Looks Good To Me

inet-henge for large scale network diagrams

inet-henge is a d3.js based network diagram generator that calculates node positions automatically. The input is a simple json like below, it requires no position information such as x-y coordinates.

  "nodes": [
    { "name": "A" },
    { "name": "B" }

  "links": [
    { "source": "A", "target": "B" }


The auto-layout works good and fast enough for small networks but it gets more complex and painfully slow when you have many nodes and links in a diagram. It'll take a couple of minutes to calculate the position of 300+ nodes and 1400 links for instance.

As a performance improvement, I've introduced a new option to tweak the auto-layout algorithm, especially for large scale network diagrams. When I tried my test data comprised of 800 nodes and 950 links, it only took <20 secs to determine node positions. I know it's still slow but acceptable hopefully, as it should be a one-shot calculation - inet-henge can cache the result for further rendering.

So why was it so slow?

Besides inet-henge calculates the node positions repeatedly in each time slice just like force layout of d3.js, extra constraints are added to iteration:

  1. Group nodes with bounding boxes
  2. Prevent nodes and groups from overlapping with each other

If you have huge groups having many nodes, it sometimes wastes ticks to pass by each other. In an example diagram below, it looks hard for a blue group to pass through a red one. It might get stuck for many ticks or never pass in the worst case.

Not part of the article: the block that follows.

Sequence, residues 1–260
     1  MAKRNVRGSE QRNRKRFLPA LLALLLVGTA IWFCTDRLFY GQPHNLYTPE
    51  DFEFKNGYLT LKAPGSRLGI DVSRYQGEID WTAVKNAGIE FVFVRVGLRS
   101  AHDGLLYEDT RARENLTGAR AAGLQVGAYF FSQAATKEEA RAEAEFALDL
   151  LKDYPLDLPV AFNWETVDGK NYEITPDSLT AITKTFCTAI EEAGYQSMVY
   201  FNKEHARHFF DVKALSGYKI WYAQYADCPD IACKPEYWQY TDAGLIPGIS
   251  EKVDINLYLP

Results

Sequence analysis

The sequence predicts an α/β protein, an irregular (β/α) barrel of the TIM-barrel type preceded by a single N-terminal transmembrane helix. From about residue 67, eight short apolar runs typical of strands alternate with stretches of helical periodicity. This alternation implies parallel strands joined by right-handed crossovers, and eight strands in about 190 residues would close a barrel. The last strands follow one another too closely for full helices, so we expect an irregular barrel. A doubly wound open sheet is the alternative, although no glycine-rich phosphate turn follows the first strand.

The same thing will happen even in a no group diagram. Every node collides with each other many times and it prevents position calculation from fast convergence.

The new option initialTicks

For such a large scale network diagram, you can specify the number of initial "unconstrained" ticks.

const diagram = new Diagram('#diagram', 'data.json', {initialTicks: 100, ticks: 100});

With this option, inet-henge calculates the layout in two iteration phases:

  1. Initial iteration with no constraints. ( default: 0 tick )
    • Every group or node can transparently pass through each other in this phase.
  2. The main iteration with constraints that apply groups as bounding boxes, prevent nodes and groups from overlapping with each other, and so on. ( default: 1000 ticks )

Note: If you increase initialTicks, inet-henge calculates faster in exchange for network diagram precision so that you can decrease ticks which is the number of main iteration steps.

20 ~ 100 initialTicks and 70 ~ 100 ticks should be good start for 800 nodes with 950 links for example. It takes 20 seconds to render in my benchmark environment.

Draw your own diagram

The initialTicks option is very new and not tested enough due to a lack of actual network topology data. If you're interested in this project and drawing your network diagram, please reach out to me ( Twitter ) with your use case. Any feedback will be appreciated.